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Diversity and Inclusion is About More Than Race and Gender

Over the past few decades – and especially in recent years – more companies have both learned to appreciate and actively invest in racial and gender diversity. Crucially, and in similarity with other issues related to Environmental, Social and Governance (ESG) issues, business leaders have learned to embrace the long-term financial benefits of being proactive […]

Over the past few decades – and especially in recent years – more companies have both learned to appreciate and actively invest in racial and gender diversity. Crucially, and in similarity with other issues related to Environmental, Social and Governance (ESG) issues, business leaders have learned to embrace the long-term financial benefits of being proactive on D&I, an evolution that goes far beyond the approach which saw diversity as a public relations, marketing or compliance function.

But these welcome developments don’t mean that corporate executives and other business leaders have completed their journey to fully embracing and promoting D&I. On the contrary, the acceptance of D&I in the corporate world signifies the beginning – not the end – of a transition to transformation. The statistics on the number of minorities and women in leadership roles in Corporate America remain underwhelming, to say the least, and the blunt instrument of mandatory quotas – for corporate board member positions, for instance – does little to truly foster not just diversity but a culture of inclusion that values each individual for their contributions, and not just because they allow HR to check off boxes.

When it comes to race and gender, then, companies still have work to do. But another area in which thinking about D&I is still developing is in extending diversity beyond race and gender to embrace people with different backgrounds, experiences and points of view from the norm. To me, the core purpose of D&I is not to present a perfectly representative workforce; that’s just a hopeful consequence of greater focus to D&I, not the goal itself. Rather, the benefit of D&I to companies is in having access to people who can challenge the status quo and not just reflect the mentality of a small, privileged subset of society. That’s why overly focusing on race and gender can be counter-productive; if you’re hiring a lot of minorities and women, but they’re all Ivy League graduates from upper-class backgrounds, you won’t reap the full benefits of true D&I.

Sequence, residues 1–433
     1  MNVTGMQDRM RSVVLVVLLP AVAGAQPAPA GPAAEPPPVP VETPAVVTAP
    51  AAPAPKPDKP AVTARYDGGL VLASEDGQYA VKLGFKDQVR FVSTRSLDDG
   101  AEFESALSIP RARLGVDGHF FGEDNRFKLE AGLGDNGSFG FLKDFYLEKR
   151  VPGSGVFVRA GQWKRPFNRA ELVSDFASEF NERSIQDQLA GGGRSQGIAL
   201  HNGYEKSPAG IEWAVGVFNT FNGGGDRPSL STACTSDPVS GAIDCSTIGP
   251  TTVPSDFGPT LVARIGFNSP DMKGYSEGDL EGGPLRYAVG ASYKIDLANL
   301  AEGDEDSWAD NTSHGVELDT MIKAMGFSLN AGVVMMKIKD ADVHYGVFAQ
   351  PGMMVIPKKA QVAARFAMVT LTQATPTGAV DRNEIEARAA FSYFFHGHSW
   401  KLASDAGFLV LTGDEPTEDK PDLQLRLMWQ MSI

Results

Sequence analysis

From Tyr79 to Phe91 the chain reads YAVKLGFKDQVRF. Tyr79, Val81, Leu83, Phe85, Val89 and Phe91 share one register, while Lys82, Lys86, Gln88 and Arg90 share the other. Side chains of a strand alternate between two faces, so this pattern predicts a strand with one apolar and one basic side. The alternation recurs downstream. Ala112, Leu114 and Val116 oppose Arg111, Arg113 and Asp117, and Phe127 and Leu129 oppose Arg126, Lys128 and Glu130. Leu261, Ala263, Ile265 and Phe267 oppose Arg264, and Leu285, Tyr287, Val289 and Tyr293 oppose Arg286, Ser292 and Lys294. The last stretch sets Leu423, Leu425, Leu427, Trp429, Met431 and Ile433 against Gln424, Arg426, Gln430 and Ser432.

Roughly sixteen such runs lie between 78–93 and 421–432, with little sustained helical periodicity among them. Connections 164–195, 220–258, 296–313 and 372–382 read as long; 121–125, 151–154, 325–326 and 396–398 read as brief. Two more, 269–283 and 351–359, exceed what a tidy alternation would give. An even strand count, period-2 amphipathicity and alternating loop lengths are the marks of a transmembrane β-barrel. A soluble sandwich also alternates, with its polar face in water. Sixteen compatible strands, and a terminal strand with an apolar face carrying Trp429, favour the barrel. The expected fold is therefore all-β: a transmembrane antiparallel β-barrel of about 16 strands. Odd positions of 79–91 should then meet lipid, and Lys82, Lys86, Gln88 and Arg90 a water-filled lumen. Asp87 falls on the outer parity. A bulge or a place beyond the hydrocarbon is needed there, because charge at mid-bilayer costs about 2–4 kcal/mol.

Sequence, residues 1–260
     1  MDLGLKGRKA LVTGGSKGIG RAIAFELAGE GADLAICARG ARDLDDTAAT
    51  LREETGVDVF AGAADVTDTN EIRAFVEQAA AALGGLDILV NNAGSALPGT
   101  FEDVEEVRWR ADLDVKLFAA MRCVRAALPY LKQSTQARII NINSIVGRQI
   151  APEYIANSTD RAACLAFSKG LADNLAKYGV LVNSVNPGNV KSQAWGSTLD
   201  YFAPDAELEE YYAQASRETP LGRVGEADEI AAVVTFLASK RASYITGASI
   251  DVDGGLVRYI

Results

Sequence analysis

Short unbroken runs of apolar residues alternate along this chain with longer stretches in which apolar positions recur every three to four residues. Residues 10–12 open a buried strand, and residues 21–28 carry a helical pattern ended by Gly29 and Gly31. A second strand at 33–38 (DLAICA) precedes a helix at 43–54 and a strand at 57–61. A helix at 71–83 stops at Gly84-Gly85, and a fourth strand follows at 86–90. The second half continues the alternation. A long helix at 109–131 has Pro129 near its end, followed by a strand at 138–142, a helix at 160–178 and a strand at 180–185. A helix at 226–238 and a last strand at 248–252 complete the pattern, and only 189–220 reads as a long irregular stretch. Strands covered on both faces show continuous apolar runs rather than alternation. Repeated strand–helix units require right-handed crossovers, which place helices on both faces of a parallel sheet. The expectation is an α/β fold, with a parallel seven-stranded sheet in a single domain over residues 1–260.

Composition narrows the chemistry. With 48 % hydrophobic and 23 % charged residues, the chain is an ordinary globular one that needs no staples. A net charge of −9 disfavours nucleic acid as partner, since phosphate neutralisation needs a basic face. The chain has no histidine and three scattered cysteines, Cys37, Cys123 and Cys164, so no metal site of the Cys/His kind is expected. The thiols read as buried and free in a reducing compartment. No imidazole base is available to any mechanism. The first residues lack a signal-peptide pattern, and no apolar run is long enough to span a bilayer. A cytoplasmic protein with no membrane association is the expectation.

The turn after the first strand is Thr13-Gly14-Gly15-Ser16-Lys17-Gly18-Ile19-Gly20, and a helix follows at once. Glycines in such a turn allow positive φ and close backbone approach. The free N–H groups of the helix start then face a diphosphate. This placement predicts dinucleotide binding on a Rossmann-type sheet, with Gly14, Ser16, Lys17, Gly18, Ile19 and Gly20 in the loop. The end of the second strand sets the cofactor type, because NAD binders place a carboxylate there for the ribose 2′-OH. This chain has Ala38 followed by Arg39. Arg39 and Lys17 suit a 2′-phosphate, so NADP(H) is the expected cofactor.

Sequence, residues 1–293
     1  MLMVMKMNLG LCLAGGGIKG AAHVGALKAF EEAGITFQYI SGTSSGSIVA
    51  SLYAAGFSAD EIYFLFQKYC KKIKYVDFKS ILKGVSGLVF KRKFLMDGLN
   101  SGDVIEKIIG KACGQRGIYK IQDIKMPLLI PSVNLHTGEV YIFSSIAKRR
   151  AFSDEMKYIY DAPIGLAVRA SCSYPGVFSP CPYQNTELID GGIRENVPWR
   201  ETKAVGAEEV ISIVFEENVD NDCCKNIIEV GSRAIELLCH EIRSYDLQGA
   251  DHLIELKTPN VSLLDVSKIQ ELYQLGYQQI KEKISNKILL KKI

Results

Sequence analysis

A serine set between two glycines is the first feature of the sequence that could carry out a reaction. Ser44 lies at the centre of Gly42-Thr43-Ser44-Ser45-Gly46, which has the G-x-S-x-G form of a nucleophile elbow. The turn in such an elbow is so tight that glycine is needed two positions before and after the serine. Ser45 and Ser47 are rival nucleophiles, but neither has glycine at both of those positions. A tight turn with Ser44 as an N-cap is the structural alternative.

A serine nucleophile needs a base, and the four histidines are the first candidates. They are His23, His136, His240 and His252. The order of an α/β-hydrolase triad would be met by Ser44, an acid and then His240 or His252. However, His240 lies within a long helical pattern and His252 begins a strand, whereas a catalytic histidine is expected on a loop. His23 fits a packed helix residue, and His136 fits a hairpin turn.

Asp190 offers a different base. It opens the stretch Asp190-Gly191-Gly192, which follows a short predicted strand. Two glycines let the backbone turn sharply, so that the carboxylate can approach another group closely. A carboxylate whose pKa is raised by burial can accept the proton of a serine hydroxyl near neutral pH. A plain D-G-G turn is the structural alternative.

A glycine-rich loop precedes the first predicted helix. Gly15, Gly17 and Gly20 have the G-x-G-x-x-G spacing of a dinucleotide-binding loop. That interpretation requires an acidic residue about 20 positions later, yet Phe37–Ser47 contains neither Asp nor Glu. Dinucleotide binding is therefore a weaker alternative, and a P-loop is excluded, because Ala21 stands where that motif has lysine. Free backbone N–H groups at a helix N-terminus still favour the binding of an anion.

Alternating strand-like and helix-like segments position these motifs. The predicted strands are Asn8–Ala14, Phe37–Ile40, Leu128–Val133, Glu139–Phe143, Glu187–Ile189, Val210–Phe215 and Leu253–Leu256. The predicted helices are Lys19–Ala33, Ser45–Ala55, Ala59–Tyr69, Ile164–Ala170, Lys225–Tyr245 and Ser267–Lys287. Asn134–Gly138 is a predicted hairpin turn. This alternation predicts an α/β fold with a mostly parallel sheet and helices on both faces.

So, how can companies institutionalize a broader view and embrace of diversity beyond race and gender? Based on my own experience working in D&I initiatives in organizations, I can make a few key recommendations:

  • Think about other categories of diversity: Aside from race and gender, there are various types of diversity to consider. Some, like sexual orientation, are increasingly being grouped with race and gender in consideration. But there are others, such as diversity of educational background and attainment, or socio-economic status, that generally aren’t part of the D&I agenda. Ignoring these when selecting people for leadership or board positions can lead to senior teams being overly dominated by people of similar backgrounds and thought processes, resulting in groupthink and an inability to connect with stakeholders like consumers and lower-level employees. Recruiting from narrow fields of study – such as tech firms recruiting only engineers rather than people with vital communication and other “soft” skills – can also undermine performance as businesses expand and diversify.
  • Embrace mentoring and social networks: Getting diverse candidates to join an organization is only the first step; you also need to foster a sense of inclusion that retains these employees while encouraging them to contribute to wider success. This entails recognizing that an overly rigid and homogenous corporate culture can snuff out the unique qualities that diverse candidates bring. One way to do this is to connect people from under-represented groups with those in senior leadership, who are often from more traditionally dominant groups, through mentoring relationships or network-building social events. This provides employees from under-represented group access to leading decision-makers, who can also learn from different viewpoints.
  • Create internal “focus groups”: Finally, companies can promote an inclusive culture beyond racial and gender tolerance by soliciting constant feedback from diverse employees. Setting up focus groups based on categories like socio-economic background and then running key decisions by them for commentary can help infuse diverse viewpoints into how organizations are run. Again, the key here is to go beyond the narrow categories of race and gender, which often obscure meaningful underlying differences between individuals.

The acceptance that diversity is essential for businesses is something which should be celebrated, but we shouldn’t become complacent. We still have a long way to go on race and gender, let alone these additional, typically overlooked categories. Importantly, we have to recognize that filling quotas or assimilating diverse employees into a homogenous corporate culture will not yield the much-touted benefits of D&I, and corporate thinking about diversity but always be evolving in line with a changing world.

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